With the obvious depressing state of Basque football, the fight over a top six finish in La Liga seems already settled for the rest of the season. Unless something shocking happens in the next couple of months, Barcelona, Real Madrid, Sevilla, Villarreal, Valencia and Atlético de Madrid will end the tournament in spots that give access to European football next season, while the rest of the clubs will have to fight to avoid relegation or die of boredom in mid table. Continue reading “We need you, Basques”
Last Tuesday, the coolest wife on earth had her birthday. Her present, received with utter happiness, was a short trip to Barcelona and a couple of tickets to see Lionel Messi live at ‘his’ own stadium.
Initially disappointed because her idol was on the bench, she – plus the rest of the Camp Nou, and even the languid Sporting de Portugal – lit up when the diminutive playmaker joined the match in the second half. Despite the cold evening, the experience was well worth the trip. Watching Messi get the ball in a dangerous area and feel the whole stadium contain their breath simultaneously in anticipation is one of those precious little things that every football fan enjoys, no matter which team they support.
After a shambolic midweek performance by several sides, only 12 La Liga teams will be included in the pool for the last-16 round of the Copa del Rey. Athletic de Bilbao and Real Sociedad managed to lose at home to Third Division sides and crashed out of the tournament in embarrassing fashion. Betis lost 5-3 to Cadiz at their own stadium and were also eliminated. Continue reading “Copa del Rey virus”
It may sound like an exaggeration, but it’s not: the future of this La Liga season depends on a single match to be played on Sunday evening. Barcelona visit Valencia with a four-point advantage over the Ches and a 10-point lead over both Real Madrid and Atletico. If Barcelona win, it’s hard to imagine the chain of negative results that would see them lose the title. That sounds even more difficult when, with the exception of the somewhat inexperienced Valencia, the remaining candidates look far from their best shape, and therefore unlikely to start a running streak of wins that would put pressure on the Azulgranas. Continue reading “Valencia, the last obstacle between Barcelona and the title”
The derby exemplified quite well why these two Madrid teams sit 10 points behind leaders Barcelona. Neither Real Madrid nor Atletico can score like they did in previous seasons, and that without major changes to their starting line-up in the summer. Their lack of goals has to do with the shape of their starters, although in the case of Real Madrid some may point to the reduced attacking alternatives from the bench now that Alvaro Morata and James Rodriguez have left.
But the fact is that the same Cristiano Ronaldo and Karim Benzema that so well interpreted the service that Real Madrid’s midfield provided last season, and the same Antoine Griezmann who looked omnipresent in the final third for Atleti just a few months ago, now look completely disconnected from the rest of their teams, unable to find an opening in 90 minutes. Continue reading “Barcelona win the Madrid derby”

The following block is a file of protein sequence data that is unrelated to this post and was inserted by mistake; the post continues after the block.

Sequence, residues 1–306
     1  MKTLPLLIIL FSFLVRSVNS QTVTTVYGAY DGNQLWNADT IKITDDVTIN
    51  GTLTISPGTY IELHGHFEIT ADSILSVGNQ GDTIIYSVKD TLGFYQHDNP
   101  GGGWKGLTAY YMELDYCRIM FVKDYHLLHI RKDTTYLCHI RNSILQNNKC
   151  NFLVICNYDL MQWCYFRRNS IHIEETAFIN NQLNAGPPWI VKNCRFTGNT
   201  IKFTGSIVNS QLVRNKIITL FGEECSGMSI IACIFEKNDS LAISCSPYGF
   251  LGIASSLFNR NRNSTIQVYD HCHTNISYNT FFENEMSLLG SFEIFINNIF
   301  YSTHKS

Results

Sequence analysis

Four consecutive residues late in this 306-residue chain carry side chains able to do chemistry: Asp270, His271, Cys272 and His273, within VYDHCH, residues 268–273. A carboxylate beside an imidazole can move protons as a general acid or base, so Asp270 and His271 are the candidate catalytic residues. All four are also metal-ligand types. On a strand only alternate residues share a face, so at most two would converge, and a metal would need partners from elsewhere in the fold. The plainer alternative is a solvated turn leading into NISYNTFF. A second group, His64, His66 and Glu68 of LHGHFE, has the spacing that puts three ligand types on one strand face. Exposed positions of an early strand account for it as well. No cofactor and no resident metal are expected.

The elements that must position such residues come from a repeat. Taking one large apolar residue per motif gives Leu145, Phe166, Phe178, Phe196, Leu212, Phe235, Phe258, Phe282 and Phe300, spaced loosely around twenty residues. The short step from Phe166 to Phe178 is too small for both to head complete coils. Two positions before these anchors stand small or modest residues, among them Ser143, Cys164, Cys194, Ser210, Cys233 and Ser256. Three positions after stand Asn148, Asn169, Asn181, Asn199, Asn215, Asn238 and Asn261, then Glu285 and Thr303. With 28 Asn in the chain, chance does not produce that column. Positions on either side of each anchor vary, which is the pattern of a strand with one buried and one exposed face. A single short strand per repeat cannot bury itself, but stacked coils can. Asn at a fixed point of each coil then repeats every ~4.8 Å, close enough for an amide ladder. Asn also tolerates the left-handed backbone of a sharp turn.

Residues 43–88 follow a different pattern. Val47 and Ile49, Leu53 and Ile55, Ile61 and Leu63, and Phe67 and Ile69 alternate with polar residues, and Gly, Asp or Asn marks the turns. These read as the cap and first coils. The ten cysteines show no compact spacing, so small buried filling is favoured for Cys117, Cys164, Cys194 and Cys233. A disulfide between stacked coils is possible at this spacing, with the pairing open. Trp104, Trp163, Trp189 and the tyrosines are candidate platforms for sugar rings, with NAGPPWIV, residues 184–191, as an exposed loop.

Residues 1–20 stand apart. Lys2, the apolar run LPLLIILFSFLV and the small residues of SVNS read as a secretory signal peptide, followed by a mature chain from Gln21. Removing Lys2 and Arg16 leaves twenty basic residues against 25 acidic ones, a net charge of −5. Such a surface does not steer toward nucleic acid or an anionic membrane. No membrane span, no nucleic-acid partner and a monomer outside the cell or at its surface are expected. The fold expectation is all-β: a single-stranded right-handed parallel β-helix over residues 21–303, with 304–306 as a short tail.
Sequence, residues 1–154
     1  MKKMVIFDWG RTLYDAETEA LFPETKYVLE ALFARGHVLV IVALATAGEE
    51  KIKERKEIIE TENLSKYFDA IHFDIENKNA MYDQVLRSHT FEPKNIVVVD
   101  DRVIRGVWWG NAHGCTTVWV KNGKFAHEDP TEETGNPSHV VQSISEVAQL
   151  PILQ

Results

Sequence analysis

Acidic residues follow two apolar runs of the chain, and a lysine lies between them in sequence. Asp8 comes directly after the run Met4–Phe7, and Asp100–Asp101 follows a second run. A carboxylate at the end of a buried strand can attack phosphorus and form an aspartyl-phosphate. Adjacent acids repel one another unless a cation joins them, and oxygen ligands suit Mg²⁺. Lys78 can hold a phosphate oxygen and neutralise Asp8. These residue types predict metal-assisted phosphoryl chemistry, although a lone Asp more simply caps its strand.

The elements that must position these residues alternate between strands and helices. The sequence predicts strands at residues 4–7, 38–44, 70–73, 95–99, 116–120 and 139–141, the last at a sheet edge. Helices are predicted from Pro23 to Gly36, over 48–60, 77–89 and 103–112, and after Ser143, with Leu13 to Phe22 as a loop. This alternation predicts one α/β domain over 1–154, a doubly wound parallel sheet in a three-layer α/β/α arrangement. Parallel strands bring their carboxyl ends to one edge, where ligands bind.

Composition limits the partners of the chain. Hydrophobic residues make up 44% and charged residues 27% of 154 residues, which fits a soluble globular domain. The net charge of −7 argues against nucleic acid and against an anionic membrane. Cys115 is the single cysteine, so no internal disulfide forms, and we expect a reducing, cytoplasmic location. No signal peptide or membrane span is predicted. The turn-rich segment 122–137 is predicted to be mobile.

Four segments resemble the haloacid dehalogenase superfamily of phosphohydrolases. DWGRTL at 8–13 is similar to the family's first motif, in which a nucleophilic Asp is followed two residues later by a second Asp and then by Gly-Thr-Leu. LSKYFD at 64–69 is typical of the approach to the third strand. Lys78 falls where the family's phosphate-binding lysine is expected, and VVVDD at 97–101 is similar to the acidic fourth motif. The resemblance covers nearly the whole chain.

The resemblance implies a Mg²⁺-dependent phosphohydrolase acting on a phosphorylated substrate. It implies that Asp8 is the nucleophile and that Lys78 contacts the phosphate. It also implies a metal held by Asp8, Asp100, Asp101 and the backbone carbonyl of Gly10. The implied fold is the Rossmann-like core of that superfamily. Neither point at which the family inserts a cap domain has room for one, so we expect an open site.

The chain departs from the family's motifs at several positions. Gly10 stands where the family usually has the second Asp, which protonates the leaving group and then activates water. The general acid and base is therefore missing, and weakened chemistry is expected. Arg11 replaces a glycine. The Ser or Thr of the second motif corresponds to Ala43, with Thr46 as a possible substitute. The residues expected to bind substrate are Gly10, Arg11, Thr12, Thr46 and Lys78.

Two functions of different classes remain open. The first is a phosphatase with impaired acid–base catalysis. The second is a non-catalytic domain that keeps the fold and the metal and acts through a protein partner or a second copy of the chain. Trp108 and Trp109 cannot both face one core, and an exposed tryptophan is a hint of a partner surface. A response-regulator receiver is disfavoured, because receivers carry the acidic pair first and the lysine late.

Right before another international break, La Liga offers a somewhat underwhelming picture: an unassailable leader; a mild fight over Champions League spots; few real candidates to compete for Europa League positions; and a crystal clear bottom-three.
If we have to judge by their performance in Girona, Real Madrid seem determined to abandon all hopes of retaining their La Liga crown well before Christmas. Of course, there’s still plenty of tournament ahead, including two head-to-head matches against leaders Barcelona, but for lack of a better description, Zinedine Zidane’s team looks almost bored with the competition this season. Continue reading “Time for Zidane to step up”
Earlier this week, Tottenham Hotspurs’ coach Mauricio Pochettino said that “Our objective is to try to win the Premier League and the Champions League. For me, two real trophies”.
This column wholeheartedly agrees with Pochettino’s ambition. We only want to write about real trophies too. In the middle of the week, this scribe successfully avoided the temptation of jotting down a few lines about the Copa del Rey: nothing more boring than its two-legged, extremely uneven early stages. Continue reading “Real trophies”
For many of us, football takes up an inordinate amount of space and time in our lives. We devote hours and days to following news, watching matches and analysing results, no matter whether it is midweek or weekend, day or night, South American qualifiers for the World Cup or a Premier League match between two struggling sides on a rainy night, perhaps in Stoke.
However, sometimes real life yells out, shows you its uglier face, takes that mental space back and sends football back to what it should be: fantastic entertainment that deserves our attention only every once in a while. Continue reading “La Liga to the rescue”